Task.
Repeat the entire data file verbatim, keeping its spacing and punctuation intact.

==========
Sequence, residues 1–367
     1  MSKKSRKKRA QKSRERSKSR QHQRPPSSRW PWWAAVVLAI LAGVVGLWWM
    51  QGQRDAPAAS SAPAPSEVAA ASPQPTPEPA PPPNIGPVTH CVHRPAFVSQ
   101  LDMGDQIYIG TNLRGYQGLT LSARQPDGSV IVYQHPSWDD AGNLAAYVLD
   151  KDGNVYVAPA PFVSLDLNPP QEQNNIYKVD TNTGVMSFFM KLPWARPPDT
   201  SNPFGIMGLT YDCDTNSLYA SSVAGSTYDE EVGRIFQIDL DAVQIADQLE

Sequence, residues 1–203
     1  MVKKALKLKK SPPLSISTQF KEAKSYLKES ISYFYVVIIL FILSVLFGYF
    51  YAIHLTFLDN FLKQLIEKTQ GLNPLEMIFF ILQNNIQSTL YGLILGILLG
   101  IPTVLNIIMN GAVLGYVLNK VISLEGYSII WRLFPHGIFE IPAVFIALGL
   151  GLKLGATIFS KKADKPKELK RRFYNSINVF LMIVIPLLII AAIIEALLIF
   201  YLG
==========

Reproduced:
Sequence, residues 1–367
     1  MSKKSRKKRA QKSRERSKSR QHQRPPSSRW PWWAAVVLAI LAGVVGLWWM
    51  QGQRDAPAAS SAPAPSEVAA ASPQPTPEPA PPPNIGPVTH CVHRPAFVSQ
   101  LDMGDQIYIG TNLRGYQGLT LSARQPDGSV IVYQHPSWDD AGNLAAYVLD
   151  KDGNVYVAPA PFVSLDLNPP QEQNNIYKVD TNTGVMSFFM KLPWARPPDT
   201  SNPFGIMGLT YDCDTNSLYA SSVAGSTYDE EVGRIFQIDL DAVQIADQLE

Sequence, residues 1–203
     1  MVKKALKLKK SPPLSISTQF KEAKSYLKES ISYFYVVIIL FILSVLFGYF
    51  YAIHLTFLDN FLKQLIEKTQ GLNPLEMIFF ILQNNIQSTL YGLILGILLG
   101  IPTVLNIIMN GAVLGYVLNK VISLEGYSII WRLFPHGIFE IPAVFIALGL
   151  GLKLGATIFS KKADKPKELK RRFYNSINVF LMIVIPLLII AAIIEALLIF
   201  YLG